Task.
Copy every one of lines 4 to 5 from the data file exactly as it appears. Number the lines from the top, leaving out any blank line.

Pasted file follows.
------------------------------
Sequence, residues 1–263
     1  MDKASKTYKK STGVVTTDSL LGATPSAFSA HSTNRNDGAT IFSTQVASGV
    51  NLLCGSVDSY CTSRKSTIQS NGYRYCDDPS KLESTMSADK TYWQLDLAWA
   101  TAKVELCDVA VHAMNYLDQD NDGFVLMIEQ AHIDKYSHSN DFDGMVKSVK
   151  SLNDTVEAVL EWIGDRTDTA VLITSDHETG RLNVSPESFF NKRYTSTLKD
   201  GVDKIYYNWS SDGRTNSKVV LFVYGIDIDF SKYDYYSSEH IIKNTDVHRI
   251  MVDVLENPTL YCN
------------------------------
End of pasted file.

   101  TAKVELCDVA VHAMNYLDQD NDGFVLMIEQ AHIDKYSHSN DFDGMVKSVK
   151  SLNDTVEAVL EWIGDRTDTA VLITSDHETG RLNVSPESFF NKRYTSTLKD